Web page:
Researchers at Boston University have discovered that the flow of cerebrospinal fluid (CSF) in the brain is linked to waking brain activity. The study, led by Stephanie Williams and published in the open access journal PLOS Biology, demonstrated that manipulating blood flow in the brain with visual stimulation caused complementary fluid flow. The researchers found that reduced flow of CSF can lead to a decline in brain health, such as in Alzheimer’s disease. They then hypothesised that brain activity while awake could also affect the flow of CSF. The results of their study showed that simple exposure to a flashing pattern can increase the flow of CSF, which could be a way to combat the natural or unnatural declines in fluid flow that occur with age or disease.
Cerebrospinal fluid, much like the kidneys, helps remove toxins from the brain, particularly when we sleep. Reduced flow of the fluid is known to be associated with declines in brain health, including declines found with Alzheimer’s disease. Based on sleep studies, the researchers hypothesised that brain activity while awake could affect the flow of CSF, hence the study to test this theory.
Brain activity was recorded through functional magnetic resonance imaging (fMRI) and the speed of CSF flow was recorded. Participants were shown a checkered pattern that turned on and off, and the researchers found that the checkered pattern induced brain activity; blood oxygenation recorded by fMRI increased when the pattern was visible and decreased when it was turned off. The flow of CSF negatively mirrored the blood signal, increasing when the checkered pattern was off. Further tests showed that changing how long the pattern was visible affected blood and fluid in a predictable way.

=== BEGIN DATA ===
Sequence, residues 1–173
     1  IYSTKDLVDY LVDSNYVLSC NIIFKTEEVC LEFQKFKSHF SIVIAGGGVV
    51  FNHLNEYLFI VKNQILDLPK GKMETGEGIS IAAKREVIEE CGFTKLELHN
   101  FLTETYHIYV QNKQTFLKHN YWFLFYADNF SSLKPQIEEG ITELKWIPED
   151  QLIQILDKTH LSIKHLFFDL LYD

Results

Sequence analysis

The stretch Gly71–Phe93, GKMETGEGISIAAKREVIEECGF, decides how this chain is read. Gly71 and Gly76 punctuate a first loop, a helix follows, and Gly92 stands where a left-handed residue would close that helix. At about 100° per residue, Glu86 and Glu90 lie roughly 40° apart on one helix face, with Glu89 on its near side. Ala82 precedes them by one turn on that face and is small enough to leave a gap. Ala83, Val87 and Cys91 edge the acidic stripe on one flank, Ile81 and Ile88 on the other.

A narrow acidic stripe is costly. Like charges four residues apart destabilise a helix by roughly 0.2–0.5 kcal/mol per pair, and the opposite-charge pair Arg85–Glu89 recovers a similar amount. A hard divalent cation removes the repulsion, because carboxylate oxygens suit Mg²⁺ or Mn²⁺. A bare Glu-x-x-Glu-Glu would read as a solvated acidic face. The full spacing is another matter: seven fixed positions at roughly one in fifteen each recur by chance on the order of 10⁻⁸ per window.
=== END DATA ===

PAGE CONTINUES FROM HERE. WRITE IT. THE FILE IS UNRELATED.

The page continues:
The study discovered that it is possible to induce large changes in CSF flow that relate to blood flow in the awake human brain. This resulted in the identification of a non-invasive way to modulate fluid flow in humans.
The results of the study could impact the treatment of conditions like Alzheimer’s disease, as it displays a potential method to manipulate the fluid flow in the brain. However, it is important to note that the study did not measure waste clearance from the brain, therefore the impact of the study in relation to waste clearance needs further examination.
In conclusion, the flow of cerebrospinal fluid (CSF) in the brain is linked to the activity of the brain while awake. Simple exposure to a flashing pattern can increase the flow of CSF. This could be a way to combat the natural or unnatural declines in fluid flow that occur with age or disease. Further research is needed to extend the results of the study to waste clearance from the brain.